The Menorah (Hebrew: מנורה) is one of the oldest symbols of Judaism. The Menorah is a seven-branched candelabrum used in the Temple as mentioned in Exodus 25:31:
” וְעָשִׂיתָ מְנֹרַת, זָהָב טָהוֹר; מִקְשָׁה תֵּעָשֶׂה הַמְּנוֹרָה, יְרֵכָהּ וְקָנָהּ, גְּבִיעֶיהָ כַּפְתֹּרֶיהָ וּפְרָחֶיהָ, מִמֶּנָּה יִהְיוּ.”
“And thou shalt make a candlestick of pure gold: of beaten work shall the candlestick be made, even its base, and its shaft; its cups, its knops, and its flowers shall be of one piece with it.”
According to Isaiah 42:6, the Menorah is a symbol of the nation of Israel and our mission to be “a light unto the nations”.
Our Sages add that the light of the Menorah is not a violent force. It is an example for a victory of the Israel nation without using violence.
In the vision in Zechariah, he sees the Menorah, and G-d says: “Not by might, nor by power, but by My spirit”. The lampstand in today’s synagogues, called the ner tamid, symbolizes the ancient Menorah.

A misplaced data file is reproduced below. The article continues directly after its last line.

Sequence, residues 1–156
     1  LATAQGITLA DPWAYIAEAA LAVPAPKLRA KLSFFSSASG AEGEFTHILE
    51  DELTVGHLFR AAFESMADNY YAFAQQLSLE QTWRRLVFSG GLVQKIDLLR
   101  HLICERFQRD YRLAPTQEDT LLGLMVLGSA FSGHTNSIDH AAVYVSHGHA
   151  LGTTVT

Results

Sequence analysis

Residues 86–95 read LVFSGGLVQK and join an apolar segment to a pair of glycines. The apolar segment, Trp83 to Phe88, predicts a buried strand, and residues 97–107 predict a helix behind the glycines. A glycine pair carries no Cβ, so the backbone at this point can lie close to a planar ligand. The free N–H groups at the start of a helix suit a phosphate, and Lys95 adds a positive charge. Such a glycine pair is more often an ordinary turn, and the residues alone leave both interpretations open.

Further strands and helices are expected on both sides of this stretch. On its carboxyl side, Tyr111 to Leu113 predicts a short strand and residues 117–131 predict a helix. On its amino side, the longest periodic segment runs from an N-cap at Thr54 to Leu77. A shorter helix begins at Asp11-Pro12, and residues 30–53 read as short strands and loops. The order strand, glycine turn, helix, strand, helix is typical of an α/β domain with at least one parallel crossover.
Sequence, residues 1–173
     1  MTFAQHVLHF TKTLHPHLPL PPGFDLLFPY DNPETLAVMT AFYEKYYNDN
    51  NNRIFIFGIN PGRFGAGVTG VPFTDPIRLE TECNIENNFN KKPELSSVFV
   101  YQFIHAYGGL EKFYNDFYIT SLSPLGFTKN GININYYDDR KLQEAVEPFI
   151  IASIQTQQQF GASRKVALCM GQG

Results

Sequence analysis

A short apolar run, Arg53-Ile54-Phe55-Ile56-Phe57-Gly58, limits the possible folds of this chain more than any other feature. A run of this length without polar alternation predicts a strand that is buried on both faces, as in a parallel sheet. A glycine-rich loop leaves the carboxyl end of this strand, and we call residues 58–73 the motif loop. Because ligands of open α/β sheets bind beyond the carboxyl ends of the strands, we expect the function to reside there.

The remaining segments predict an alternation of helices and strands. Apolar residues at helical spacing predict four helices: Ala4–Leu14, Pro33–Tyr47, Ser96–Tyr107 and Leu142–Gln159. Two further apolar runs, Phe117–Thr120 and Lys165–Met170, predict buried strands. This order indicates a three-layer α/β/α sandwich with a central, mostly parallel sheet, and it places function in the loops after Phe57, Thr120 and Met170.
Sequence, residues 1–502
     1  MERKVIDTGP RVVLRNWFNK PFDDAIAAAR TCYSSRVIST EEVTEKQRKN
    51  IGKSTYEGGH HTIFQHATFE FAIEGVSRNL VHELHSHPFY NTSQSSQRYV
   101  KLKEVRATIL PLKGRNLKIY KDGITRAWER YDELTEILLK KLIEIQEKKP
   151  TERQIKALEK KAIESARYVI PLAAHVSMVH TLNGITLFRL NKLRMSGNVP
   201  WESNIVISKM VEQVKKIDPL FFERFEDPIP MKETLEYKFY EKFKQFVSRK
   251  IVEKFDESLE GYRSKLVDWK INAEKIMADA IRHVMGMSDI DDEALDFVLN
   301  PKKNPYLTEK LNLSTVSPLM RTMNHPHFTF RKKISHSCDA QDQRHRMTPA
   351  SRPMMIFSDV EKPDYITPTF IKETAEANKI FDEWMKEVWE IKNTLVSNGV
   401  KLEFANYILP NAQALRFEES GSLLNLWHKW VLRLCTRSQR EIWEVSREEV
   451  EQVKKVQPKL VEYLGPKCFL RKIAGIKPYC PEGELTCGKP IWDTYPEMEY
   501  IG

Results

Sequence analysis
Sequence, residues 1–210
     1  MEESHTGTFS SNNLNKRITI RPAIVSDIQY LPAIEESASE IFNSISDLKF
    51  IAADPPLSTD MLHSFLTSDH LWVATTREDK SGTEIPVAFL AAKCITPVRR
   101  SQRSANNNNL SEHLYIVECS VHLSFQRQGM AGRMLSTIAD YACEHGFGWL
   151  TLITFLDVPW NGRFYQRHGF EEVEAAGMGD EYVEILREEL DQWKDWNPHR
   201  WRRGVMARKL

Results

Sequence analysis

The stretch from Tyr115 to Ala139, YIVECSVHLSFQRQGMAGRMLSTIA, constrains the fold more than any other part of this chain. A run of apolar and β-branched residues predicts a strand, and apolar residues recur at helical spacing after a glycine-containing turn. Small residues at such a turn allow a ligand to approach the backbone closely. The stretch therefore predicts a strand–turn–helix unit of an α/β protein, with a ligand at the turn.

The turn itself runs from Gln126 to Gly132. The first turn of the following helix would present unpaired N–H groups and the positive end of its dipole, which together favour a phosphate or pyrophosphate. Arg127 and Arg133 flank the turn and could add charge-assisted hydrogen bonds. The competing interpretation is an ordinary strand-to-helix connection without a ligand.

The Menorah in the First and Second Temples had seven branches. After the Temples were destroyed, a tradition developed not to duplicate anything from the Temple and therefore menorah’s no longer had seven branches. Today we use a six-branched Menorah.
However, a few rabbis have decided to go back to the seven-branched Menorahs, saying that they are not the same as those used in the Temple.